“Sorry. I need a bit of air.”
Sam waved his hand in answer and began to direct his attention towards Hilary’s work colleague Rebecca, who was wearing the kind of low cut red frock and strappy shoes that Hilary had stopped trying to get away with ten years ago. He would like that.
It was cool outside and by the time she had finished another glass of wine and chatted about nothing for half an hour Hilary was calmer. Sam would probably have Rebecca draped around him by now. He wasn’t going to bother her, and she wasn’t going to tell him about Greg. Why should she? What people didn’t know couldn’t hurt them, and in particular what people didn’t know couldn’t hurt her.
It was almost dark when he came outside to find her.
She smiled, wondering if he was about to leave.
“Having a good birthday?”
“Great thanks.”
“You forgot this.”
He held out the small package which he had brought with him. Hilary couldn’t even remember where she had put it down.
“Open it.”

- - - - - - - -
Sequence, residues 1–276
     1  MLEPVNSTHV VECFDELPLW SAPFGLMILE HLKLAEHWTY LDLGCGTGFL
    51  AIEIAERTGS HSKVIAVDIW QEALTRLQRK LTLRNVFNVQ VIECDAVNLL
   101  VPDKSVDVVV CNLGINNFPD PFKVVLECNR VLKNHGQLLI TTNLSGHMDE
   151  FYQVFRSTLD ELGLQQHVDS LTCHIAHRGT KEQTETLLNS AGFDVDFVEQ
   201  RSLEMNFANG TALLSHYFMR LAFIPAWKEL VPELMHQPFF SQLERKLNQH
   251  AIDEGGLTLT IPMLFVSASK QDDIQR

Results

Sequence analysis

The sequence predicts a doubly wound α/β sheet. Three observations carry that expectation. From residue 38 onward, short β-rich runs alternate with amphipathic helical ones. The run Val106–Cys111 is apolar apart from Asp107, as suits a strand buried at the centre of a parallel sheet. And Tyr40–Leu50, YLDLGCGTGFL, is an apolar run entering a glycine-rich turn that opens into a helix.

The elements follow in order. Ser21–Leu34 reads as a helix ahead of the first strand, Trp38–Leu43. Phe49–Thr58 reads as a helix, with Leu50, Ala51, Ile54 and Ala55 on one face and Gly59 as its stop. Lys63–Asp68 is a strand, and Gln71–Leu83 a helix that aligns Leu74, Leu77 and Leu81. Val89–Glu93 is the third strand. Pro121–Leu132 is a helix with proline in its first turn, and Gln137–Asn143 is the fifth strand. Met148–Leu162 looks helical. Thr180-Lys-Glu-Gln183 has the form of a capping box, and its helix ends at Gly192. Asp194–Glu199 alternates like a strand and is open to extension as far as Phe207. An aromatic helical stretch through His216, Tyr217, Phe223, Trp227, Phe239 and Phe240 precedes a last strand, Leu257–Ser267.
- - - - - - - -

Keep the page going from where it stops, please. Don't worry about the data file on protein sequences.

It was a delicate necklace with a turquoise in the centre of it.
“Thank you Sam. It’s beautiful. You shouldn’t have brought anything. I said no presents.”
Hilary wanted to ask him if he remembered the turquoise earrings which he had given her for her thirtieth birthday twenty years earlier but that would mean admitting that she did, which would sound a bit sad after all this time. She was never able to say afterwards who moved first, but she never forgot the blistering warmth of the kiss that came next, or the way that she responded to it.
“Shouldn’t you ask permission before you do that?”
He grinned.
“I got permission. Didn’t I?”
Hilary laughed. Dammit he could always make her do that, even when she didn’t want to. Sam made a parody of a sad face and shrugged.
“I need to get moving I’m afraid. Thank you for a lovely evening.”
“No problem.”
“I’ll be in touch.”
“Yes, drop me a message sometime.”
He wouldn’t. They both knew that. In a few seconds he was going to turn around and walk away. He would never know. Hilary stood and watched as a part of her walked into the car park, pointed his car keys at an aging MX5 and drove away. She had done the right thing. Of course she had. She walked back into the hall and found Greg, needing a familiar face and anxious to show herself that he was all right.
“Thanks Greg. That was a great set. It’s been a wonderful party. I know I said I didn’t want it but it’s been wonderful.”
“No probs mum.”
He put his arms out and gave her a hug, something he had stopped doing when he was eight.
“I just wish dad could have been here too, but you can’t have everything.”